• risk factors for herpes simplex virus type 1 infection and reactivation cross sectional Studies among epic norfolk participants
    PLOS ONE, 2019
    Co-Authors: Harriet Forbes, Ben Warne, Lars Doelken, Nicole Brenner, Tim Waterboer, Robert Luben, Nicholas J Wareham, Charlotte Warrengash, Effrossyni Gkraniaklotsas
    Abstract:

    BACKGROUND: The prevalence of, and risk factors for, herpes simplex virus type-1 (HSV-1) infection and reactivation in older individuals are poorly understood. METHODS: This is a prospective population-based study among community-dwelling individuals aged 40-79 years, followed from 1993, formed as a random subsample of the UK-based EPIC-Norfolk cohort. HSV-1 seropositivity was derived from immunoglobulin G measurements and frequent oro-labial HSV reactivation was self-reported. We carried out two Cross-Sectional Studies using logistic regression to investigate childhood social and environmental conditions as risk factors for HSV-1 seropositivity and comorbidities as risk factors for apparent HSV oro-labial reactivation. RESULTS: Of 9,929 participants, 6310 (63.6%) were HSV-1 IgG positive, and 870 (of 4,934 seropositive participants with reactivation data) experienced frequent oro-labial reactivation. Being born outside the UK/Ireland, contemporaneous urban living and having ≥4 siblings were risk factors for HSV-1 seropositivity. Ever diagnosed with kidney disease, but no other comorbidities, was associated with an increased risk of frequent HSV reactivation (adjOR 1.87, 95%CI: 1.02-3.40). DISCUSSION: Apparent HSV-1 seropositivity and clinical reactivation are common within an ageing UK population. HSV-1 seropositivity is socially patterned while risk factors for oro-labial HSV reactivation are less clear. Further large Studies of risk factors are needed to inform HSV-1 control strategies.

Harriet Forbes - One of the best experts on this subject based on the ideXlab platform.

  • risk factors for herpes simplex virus type 1 infection and reactivation cross sectional Studies among epic norfolk participants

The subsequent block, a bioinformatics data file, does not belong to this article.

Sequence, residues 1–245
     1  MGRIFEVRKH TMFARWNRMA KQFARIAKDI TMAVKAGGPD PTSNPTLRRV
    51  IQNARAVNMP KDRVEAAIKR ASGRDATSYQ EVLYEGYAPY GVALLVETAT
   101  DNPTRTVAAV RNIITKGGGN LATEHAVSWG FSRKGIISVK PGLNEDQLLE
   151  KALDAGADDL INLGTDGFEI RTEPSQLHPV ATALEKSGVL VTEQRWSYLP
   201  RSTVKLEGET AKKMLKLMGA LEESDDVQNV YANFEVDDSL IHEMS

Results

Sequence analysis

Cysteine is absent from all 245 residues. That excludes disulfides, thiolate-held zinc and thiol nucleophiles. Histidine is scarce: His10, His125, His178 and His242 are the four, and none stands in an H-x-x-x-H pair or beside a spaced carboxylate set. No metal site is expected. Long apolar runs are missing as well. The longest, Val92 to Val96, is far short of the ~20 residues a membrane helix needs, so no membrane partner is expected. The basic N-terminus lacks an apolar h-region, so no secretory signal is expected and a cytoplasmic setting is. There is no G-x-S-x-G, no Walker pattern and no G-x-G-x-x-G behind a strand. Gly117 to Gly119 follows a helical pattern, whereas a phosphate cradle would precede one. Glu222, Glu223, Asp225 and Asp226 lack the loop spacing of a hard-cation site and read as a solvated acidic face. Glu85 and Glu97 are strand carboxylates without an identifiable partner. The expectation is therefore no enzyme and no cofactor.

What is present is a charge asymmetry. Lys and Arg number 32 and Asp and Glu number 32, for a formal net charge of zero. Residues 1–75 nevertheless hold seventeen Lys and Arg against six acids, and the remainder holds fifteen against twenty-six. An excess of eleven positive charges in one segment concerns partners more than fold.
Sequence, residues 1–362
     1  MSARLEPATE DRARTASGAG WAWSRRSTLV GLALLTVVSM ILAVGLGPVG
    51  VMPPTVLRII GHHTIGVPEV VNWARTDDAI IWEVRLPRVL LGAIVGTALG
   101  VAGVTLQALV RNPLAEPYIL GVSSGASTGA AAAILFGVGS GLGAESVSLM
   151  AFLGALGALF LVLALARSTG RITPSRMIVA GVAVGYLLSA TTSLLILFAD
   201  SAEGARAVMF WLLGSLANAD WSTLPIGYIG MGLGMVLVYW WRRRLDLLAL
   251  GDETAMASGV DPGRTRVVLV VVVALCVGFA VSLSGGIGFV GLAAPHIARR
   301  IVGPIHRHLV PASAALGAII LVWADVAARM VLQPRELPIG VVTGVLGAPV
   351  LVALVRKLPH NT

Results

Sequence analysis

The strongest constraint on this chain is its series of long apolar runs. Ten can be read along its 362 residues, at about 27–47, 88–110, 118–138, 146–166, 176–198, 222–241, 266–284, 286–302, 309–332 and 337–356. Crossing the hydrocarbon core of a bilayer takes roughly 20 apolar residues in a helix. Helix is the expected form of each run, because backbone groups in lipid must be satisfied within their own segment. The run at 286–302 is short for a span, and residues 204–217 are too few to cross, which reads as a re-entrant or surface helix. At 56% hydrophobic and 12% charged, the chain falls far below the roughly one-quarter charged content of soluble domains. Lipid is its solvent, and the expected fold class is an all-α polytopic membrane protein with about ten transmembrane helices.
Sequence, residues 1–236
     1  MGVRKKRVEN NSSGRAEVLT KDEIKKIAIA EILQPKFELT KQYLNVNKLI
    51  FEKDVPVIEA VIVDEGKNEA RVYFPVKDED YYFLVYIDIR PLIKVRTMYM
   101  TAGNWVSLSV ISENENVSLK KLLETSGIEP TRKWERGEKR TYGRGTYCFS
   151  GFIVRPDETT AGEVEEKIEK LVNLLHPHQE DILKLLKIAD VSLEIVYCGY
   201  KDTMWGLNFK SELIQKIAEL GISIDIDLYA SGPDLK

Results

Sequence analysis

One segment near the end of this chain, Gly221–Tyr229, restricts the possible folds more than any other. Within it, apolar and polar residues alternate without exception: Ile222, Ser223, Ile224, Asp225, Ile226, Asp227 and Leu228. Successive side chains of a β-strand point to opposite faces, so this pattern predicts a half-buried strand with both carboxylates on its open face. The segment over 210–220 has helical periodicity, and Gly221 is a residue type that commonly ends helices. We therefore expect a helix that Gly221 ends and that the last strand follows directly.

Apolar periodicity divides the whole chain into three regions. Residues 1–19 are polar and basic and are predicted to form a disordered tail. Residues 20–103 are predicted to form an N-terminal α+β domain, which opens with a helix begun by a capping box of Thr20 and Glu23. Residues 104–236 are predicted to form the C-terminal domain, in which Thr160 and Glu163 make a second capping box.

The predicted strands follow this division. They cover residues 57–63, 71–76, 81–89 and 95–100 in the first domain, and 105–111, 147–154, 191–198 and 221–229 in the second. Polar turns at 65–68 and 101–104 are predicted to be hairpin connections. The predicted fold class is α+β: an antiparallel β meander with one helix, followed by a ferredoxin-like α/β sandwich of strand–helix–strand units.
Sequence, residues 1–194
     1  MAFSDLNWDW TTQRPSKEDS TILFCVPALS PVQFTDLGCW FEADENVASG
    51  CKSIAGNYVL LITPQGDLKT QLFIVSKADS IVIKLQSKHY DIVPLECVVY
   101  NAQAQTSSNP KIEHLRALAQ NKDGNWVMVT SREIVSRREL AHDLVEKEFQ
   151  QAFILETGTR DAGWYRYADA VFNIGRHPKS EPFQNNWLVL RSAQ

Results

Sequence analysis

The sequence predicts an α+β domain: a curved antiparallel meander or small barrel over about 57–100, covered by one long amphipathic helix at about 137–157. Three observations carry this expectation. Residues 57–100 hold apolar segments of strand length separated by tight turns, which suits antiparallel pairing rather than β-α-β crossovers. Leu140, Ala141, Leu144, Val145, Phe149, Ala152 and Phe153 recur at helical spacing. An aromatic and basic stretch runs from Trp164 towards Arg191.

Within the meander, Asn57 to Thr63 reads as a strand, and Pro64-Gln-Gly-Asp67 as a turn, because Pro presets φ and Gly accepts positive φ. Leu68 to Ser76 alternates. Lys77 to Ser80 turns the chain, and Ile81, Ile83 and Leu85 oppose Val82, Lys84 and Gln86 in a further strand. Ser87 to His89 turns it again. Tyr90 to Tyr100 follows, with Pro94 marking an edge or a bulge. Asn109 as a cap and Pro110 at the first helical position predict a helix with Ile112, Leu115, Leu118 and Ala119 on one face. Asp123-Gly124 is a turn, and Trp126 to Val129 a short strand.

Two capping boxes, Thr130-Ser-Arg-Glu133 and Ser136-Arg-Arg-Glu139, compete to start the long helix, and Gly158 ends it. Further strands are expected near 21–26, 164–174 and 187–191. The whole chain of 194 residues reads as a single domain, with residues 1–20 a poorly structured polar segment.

PLOS ONE, 2019
    Co-Authors: Harriet Forbes, Ben Warne, Lars Doelken, Nicole Brenner, Tim Waterboer, Robert Luben, Nicholas J Wareham, Charlotte Warrengash
    Abstract:

    Background The prevalence of, and risk factors for, herpes simplex virus type-1 (HSV-1) infection and reactivation in older individuals are poorly understood. Methods This is a prospective population-based study among community-dwelling individuals aged 40-79 years, followed from 1993, formed as a random subsample of the UK-based EPIC-Norfolk cohort. HSV-1 seropositivity was derived from immunoglobulin G measurements and frequent oro-labial HSV reactivation was self-reported. We carried out two Cross-Sectional Studies using logistic regression to investigate childhood social and environmental conditions as risk factors for HSV-1 seropositivity and comorbidities as risk factors for apparent HSV oro-labial reactivation. Results Of 9,929 participants, 6310 (63.6%) were HSV-1 IgG positive, and 870 (of 4,934 seropositive participants with reactivation data) experienced frequent oro-labial reactivation. Being born outside the UK/Ireland, contemporaneous urban living and having ≥4 siblings were risk factors for HSV-1 seropositivity. Ever diagnosed with kidney disease, but no other comorbidities, was associated with an increased risk of frequent HSV reactivation (adjOR 1.87, 95%CI: 1.02-3.40). Discussion Apparent HSV-1 seropositivity and clinical reactivation are common within an ageing UK population. HSV-1 seropositivity is socially patterned while risk factors for oro-labial HSV reactivation are less clear. Further large Studies of risk factors are needed to inform HSV-1 control strategies.

  • risk factors for herpes simplex virus type 1 infection and reactivation cross sectional Studies among epic norfolk participants
    PLOS ONE, 2019
    Co-Authors: Harriet Forbes, Ben Warne, Lars Doelken, Nicole Brenner, Tim Waterboer, Robert Luben, Nicholas J Wareham, Charlotte Warrengash, Effrossyni Gkraniaklotsas
    Abstract:

    BACKGROUND: The prevalence of, and risk factors for, herpes simplex virus type-1 (HSV-1) infection and reactivation in older individuals are poorly understood. METHODS: This is a prospective population-based study among community-dwelling individuals aged 40-79 years, followed from 1993, formed as a random subsample of the UK-based EPIC-Norfolk cohort. HSV-1 seropositivity was derived from immunoglobulin G measurements and frequent oro-labial HSV reactivation was self-reported. We carried out two Cross-Sectional Studies using logistic regression to investigate childhood social and environmental conditions as risk factors for HSV-1 seropositivity and comorbidities as risk factors for apparent HSV oro-labial reactivation. RESULTS: Of 9,929 participants, 6310 (63.6%) were HSV-1 IgG positive, and 870 (of 4,934 seropositive participants with reactivation data) experienced frequent oro-labial reactivation. Being born outside the UK/Ireland, contemporaneous urban living and having ≥4 siblings were risk factors for HSV-1 seropositivity. Ever diagnosed with kidney disease, but no other comorbidities, was associated with an increased risk of frequent HSV reactivation (adjOR 1.87, 95%CI: 1.02-3.40). DISCUSSION: Apparent HSV-1 seropositivity and clinical reactivation are common within an ageing UK population. HSV-1 seropositivity is socially patterned while risk factors for oro-labial HSV reactivation are less clear. Further large Studies of risk factors are needed to inform HSV-1 control strategies.